Double Jeopardy in Indian Country Gets Supreme Court Look (1)

Oct. 18, 2021, 2:09 PMUpdated: Oct. 18, 2021, 4:32 PM

The U.S. Supreme Court agreed on Monday to review whether double jeopardy bars prosecuting a defendant in federal district court after he’s convicted in a Court of Indian Offenses.

In answering that question, the justices will examine whether the latter court is a federal agency such that double jeopardy bars subsequent federal district court prosecution stemming from the same incident.

Under the dual-sovereignty doctrine, double prosecution wouldn’t be barred if Merle Denezpi was first tried in tribal court. The justices declined in a 2019 decision to overrule the doctrine that also allows successive prosecutions in state and federal court. Supreme Court precedent likewise allows the federal government to prosecute tribal members following tribal prosecutions.

“But Mr. Denezpi was not prosecuted in a tribal court,” his petition said. He was prosecuted in a Court of Indian Offenses established by the Bureau of Indian Affairs. Those courts are called “CFR courts” because they’re governed by the Code of Federal Regulations, Denezpi’s petition said.

“CFR courts differ from tribal courts and whether federal or tribal sovereignty is the source of their prosecutorial powers is an important question this Court has not yet answered,” his petition said.

There are several CFR courts across the country. These courts “operate where Tribes retain jurisdiction over American Indians that is exclusive of state jurisdiction, but where Tribal courts have not been established to fully exercise that jurisdiction,” according to the Bureau of Indian Affairs.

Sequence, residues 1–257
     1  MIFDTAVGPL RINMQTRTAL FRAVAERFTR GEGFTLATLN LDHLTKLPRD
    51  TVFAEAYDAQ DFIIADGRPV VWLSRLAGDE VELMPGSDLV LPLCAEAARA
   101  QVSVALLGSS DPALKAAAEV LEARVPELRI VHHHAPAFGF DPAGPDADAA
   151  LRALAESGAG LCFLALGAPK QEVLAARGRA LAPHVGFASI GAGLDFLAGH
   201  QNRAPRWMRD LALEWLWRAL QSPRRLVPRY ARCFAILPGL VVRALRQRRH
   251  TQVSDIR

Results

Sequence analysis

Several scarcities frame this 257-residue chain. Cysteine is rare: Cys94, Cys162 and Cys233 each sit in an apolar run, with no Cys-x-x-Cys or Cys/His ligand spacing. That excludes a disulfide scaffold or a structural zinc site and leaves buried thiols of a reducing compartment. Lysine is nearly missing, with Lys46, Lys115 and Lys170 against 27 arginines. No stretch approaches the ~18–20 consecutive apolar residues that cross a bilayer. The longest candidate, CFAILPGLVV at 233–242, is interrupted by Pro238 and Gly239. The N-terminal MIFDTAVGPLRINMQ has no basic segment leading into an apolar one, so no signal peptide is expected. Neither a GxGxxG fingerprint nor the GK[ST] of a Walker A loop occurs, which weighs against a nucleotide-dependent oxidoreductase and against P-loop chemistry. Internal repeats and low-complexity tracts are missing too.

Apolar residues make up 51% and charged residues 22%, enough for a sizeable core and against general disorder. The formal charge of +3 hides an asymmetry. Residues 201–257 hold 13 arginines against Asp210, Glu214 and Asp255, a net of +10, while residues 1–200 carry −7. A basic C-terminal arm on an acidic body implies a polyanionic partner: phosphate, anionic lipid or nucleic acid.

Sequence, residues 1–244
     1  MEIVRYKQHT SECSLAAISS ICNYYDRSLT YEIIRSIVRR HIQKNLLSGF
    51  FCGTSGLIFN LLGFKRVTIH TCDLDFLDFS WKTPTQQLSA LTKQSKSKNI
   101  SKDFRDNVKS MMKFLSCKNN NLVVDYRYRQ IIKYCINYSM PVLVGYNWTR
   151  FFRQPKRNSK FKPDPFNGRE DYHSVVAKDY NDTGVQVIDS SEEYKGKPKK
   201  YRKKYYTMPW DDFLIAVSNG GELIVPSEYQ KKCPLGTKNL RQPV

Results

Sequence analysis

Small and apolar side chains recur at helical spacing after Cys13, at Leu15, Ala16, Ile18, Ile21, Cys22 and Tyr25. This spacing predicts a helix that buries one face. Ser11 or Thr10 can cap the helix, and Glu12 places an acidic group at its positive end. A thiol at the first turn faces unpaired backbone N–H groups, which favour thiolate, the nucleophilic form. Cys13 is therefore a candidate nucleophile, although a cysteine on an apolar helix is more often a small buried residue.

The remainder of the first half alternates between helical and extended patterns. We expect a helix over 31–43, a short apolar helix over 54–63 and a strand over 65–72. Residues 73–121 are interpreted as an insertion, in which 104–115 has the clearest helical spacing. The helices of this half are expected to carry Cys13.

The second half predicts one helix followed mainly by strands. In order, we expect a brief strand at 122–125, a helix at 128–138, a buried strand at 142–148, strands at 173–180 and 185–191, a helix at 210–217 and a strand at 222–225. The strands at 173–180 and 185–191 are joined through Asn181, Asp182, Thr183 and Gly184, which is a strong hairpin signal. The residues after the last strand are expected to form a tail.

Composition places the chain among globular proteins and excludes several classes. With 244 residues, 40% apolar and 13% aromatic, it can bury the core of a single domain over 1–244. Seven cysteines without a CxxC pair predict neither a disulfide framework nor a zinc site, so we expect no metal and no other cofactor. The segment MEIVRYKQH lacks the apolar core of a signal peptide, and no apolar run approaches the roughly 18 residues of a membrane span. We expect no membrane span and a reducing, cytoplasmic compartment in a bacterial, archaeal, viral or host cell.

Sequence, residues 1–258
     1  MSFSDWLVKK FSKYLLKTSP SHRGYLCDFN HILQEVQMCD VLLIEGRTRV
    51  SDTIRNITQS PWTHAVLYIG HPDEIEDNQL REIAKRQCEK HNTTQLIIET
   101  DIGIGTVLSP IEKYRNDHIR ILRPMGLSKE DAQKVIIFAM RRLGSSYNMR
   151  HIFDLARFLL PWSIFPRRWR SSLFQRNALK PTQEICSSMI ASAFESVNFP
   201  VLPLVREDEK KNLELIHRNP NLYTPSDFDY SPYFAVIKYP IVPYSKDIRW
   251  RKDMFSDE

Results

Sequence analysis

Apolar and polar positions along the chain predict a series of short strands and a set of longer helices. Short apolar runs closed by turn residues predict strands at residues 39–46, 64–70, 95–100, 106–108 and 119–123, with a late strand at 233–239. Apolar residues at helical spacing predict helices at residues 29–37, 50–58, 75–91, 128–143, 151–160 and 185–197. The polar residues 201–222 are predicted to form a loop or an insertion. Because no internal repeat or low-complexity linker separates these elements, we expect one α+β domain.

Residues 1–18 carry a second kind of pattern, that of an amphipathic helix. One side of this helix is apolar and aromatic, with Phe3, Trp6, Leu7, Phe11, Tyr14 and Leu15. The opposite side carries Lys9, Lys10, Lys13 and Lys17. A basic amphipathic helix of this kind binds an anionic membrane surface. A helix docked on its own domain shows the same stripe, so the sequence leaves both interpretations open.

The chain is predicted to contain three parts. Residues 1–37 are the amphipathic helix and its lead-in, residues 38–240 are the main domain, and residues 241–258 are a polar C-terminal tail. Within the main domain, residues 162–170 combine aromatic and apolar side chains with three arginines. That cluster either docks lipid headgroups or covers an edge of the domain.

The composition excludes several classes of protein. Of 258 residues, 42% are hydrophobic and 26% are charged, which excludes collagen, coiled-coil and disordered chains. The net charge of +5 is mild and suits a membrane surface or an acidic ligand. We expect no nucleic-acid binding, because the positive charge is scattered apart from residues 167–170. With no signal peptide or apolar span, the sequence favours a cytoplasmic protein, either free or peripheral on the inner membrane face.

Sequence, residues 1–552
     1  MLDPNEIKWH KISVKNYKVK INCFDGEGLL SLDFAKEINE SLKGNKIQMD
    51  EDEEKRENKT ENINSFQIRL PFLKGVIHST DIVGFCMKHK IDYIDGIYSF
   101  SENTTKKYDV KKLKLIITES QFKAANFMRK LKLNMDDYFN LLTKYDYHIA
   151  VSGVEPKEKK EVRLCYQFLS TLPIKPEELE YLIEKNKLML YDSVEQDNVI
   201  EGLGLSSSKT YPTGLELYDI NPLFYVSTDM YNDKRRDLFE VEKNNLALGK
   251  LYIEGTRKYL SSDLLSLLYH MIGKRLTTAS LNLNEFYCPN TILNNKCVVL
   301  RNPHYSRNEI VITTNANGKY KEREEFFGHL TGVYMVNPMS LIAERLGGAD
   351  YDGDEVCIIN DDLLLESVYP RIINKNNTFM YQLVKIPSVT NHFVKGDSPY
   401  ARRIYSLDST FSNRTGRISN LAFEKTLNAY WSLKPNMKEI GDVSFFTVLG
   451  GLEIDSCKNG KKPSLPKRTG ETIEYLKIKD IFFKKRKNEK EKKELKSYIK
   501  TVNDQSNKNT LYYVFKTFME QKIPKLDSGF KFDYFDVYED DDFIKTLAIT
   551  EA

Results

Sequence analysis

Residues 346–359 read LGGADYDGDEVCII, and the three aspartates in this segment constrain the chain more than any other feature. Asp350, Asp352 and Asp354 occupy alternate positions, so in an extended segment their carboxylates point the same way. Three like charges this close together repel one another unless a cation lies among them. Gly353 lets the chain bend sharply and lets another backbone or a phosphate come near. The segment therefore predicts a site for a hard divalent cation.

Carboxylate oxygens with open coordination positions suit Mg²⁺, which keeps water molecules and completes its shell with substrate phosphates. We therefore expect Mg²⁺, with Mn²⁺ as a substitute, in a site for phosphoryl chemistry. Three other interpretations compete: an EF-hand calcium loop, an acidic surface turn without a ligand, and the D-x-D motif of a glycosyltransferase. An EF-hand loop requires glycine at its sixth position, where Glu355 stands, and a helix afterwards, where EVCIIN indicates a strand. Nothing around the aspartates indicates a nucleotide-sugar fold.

Opposing Supreme Court review, the Justice Department said “a prosecution for a tribal offense in the Court of Indian Offenses is commonly understood to be an exercise of a tribe’s own sovereignty.”

The case will be argued later this term and likely decided by July.

The Fifth Amendment to the U.S. Constitution says “nor shall any person be subject for the same offence to be twice put in jeopardy of life or limb.”

In July 2017, Denezpi, a Navajo tribal member, was arrested by Ute Mountain Ute tribal authorities. He was charged with violating tribal assault and battery law and with the CFR violations of terroristic threats and false imprisonment. In the Ute Mountain Ute CFR court, he entered an Alford plea to the assault and battery charge and was sentenced to 140 days’ incarceration. The remaining charges were dismissed. Alford pleas resolve cases without defendants admitting guilt.

Denezpi was later charged in Colorado federal district court with aggravated sexual assault. He was convicted at trial and sentenced to 30 years in prison and 10 years of supervised release. The Bureau of Prisons says he’ll be released in 2044.

The case is Denezpi v. United States, U.S., No. 20-7622.

(Adds snapshots, case detail, CFR court information, link to Tenth Circuit decision below. )

To contact the reporter on this story: Jordan S. Rubin in Washington at jrubin@bloomberglaw.com

To contact the editors responsible for this story: Tom P. Taylor at ttaylor@bloomberglaw.com; Seth Stern at sstern@bloomberglaw.com; John Crawley at jcrawley@bloomberglaw.com

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